But there’s a catch. Although there are plenty of contracts to be won, Keen admits he has been consistently impressed by his current list of contractors: Bowmer & Kirkland, RG Carter, RG Group and Wates. But, he stresses, he is also open to new firms with fresh ideas and - as the convenience market is so new to Waitrose - now is a better time than ever to approach the retailer: “To build 300 new convenience stores, 30 next year, is a mighty project for little old Waitrose to pull off. That’s a change to our formula and we are always looking for new ways of creating value.

“My advice to people on the outside? Don’t just send me a piece of marketing material through the post or in an email. There are plenty of other ways to get in front of my team. Think about industry events and networking opportunities where people can talk face to face.

Going global

If you are off to Dubai in the next few months, it’s worth looking out for the iconic green and white out there too. Two stores opened there earlier this year and a third is due to open in Bahrain in December.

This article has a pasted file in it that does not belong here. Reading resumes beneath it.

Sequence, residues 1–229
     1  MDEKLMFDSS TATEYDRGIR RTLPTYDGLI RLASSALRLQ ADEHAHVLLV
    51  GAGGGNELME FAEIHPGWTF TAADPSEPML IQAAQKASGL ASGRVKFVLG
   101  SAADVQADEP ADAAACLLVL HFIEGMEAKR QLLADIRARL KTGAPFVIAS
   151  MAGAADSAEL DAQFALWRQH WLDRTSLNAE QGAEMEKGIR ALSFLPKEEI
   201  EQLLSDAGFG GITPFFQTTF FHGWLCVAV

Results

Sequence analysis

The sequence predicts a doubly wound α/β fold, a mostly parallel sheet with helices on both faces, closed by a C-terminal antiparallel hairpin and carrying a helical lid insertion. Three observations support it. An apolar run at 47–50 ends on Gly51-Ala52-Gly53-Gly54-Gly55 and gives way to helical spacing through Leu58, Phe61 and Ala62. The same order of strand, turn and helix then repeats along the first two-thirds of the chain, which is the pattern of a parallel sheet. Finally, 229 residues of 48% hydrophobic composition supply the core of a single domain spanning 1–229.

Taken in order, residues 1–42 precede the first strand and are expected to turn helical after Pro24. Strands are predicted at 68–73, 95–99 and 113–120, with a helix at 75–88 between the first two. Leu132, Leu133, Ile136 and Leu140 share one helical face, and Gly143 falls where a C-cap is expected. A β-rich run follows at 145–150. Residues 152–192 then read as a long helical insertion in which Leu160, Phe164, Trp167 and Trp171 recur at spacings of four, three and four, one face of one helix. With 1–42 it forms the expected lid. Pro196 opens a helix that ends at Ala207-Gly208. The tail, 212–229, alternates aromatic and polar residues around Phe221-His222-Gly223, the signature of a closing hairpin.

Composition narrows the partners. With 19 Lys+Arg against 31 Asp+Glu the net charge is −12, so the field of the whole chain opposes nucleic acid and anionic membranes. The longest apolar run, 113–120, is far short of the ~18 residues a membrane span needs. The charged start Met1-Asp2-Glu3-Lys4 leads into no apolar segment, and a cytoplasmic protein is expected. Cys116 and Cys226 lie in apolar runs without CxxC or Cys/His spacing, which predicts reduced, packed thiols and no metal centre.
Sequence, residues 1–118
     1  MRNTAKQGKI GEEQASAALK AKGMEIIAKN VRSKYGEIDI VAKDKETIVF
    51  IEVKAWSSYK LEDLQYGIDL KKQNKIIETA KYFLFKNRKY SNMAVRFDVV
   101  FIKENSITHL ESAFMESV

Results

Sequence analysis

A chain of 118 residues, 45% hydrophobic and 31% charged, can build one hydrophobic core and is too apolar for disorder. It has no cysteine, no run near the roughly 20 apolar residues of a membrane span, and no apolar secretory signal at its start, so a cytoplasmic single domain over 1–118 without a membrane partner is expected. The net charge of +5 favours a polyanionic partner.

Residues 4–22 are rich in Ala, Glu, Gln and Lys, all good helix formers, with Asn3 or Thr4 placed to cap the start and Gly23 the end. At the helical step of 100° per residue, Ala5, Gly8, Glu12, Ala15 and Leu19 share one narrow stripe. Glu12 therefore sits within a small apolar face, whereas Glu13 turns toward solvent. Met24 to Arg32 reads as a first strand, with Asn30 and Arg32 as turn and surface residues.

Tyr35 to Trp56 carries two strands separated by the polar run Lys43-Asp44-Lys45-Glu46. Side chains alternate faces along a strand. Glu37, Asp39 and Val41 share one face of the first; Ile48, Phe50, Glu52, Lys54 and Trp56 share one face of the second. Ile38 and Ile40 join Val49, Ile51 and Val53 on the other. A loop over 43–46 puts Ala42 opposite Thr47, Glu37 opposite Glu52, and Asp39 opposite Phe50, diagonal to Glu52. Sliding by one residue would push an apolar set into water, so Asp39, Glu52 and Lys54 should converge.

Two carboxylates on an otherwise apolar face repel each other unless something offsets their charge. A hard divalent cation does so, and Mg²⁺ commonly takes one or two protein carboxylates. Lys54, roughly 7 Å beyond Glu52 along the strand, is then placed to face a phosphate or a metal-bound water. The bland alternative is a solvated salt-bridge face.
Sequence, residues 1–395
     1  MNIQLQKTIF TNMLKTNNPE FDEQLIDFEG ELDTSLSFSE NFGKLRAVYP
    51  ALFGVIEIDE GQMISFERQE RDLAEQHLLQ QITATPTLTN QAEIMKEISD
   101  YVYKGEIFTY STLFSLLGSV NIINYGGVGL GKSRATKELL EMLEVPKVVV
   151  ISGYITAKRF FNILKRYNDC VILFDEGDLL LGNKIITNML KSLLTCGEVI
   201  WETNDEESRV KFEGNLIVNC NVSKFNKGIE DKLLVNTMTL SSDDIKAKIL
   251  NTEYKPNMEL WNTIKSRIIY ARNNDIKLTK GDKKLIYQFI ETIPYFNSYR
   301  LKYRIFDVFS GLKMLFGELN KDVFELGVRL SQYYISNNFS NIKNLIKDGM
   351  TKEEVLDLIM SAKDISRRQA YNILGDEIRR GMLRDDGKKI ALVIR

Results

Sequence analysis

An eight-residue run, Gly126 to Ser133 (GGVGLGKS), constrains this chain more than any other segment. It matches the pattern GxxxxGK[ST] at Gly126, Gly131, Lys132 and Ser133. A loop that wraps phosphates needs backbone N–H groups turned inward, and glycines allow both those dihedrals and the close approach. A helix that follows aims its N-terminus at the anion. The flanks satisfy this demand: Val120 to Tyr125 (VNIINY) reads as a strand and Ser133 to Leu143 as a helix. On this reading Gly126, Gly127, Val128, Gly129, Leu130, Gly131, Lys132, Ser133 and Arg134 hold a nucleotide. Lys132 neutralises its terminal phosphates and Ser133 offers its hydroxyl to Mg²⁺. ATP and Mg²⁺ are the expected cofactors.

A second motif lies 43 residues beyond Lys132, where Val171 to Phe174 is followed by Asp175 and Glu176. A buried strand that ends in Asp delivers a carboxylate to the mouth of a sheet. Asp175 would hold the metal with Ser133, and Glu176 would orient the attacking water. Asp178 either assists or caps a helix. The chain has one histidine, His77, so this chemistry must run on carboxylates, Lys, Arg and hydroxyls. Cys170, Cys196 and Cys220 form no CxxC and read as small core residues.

“It’s early days for us internationally” says Keen. “It was a brave step to transport the Waitrose brand abroad.

“We use local supply chains for the international projects which are stores of about 20,000ft2 - core supermarkets, not convenience.

“The desire is to continue growing abroad but carefully. We don’t have any other international areas other than the Middle East earmarked at the moment. We are being cautious of the world economy and want to make sure we trade well in key areas rather than trying to grab every opportunity that exists.”

“Firms need to demonstrate what they can do differently from our incumbent suppliers. I want to hear about innovative approaches to projects, engineering solutions, new ways to tackle environmental and sustainability issues.”

He may be tough when it comes to getting the right people, but Keen wants to be seen as a good client: “The cycle we’re in at the moment means it’s dead easy to get good value for money and to get the best people working on your projects. The real test will come in the upturn. Being a good client means keeping your supply chain loyal when times are good.

“Our strategy is to make sure the supply chain recognises the value we bring during a downturn to ensure we are still seen as an important client when things improve. Also, pitching the right work at the right level is vital. Just because large contractors will take smaller jobs now, it doesn’t mean they’ll be keen to do them in the future.”

And does he think his existing supply chain will stay loyal? A long pause: “I think they will. I hope they will. But no doubt someone will disappoint me.”

Perhaps the next 10 years won’t be all fun after all.

Building is hosting a supermarkets conference in London on 14 July. For more information go to supermarkets.building.co.uk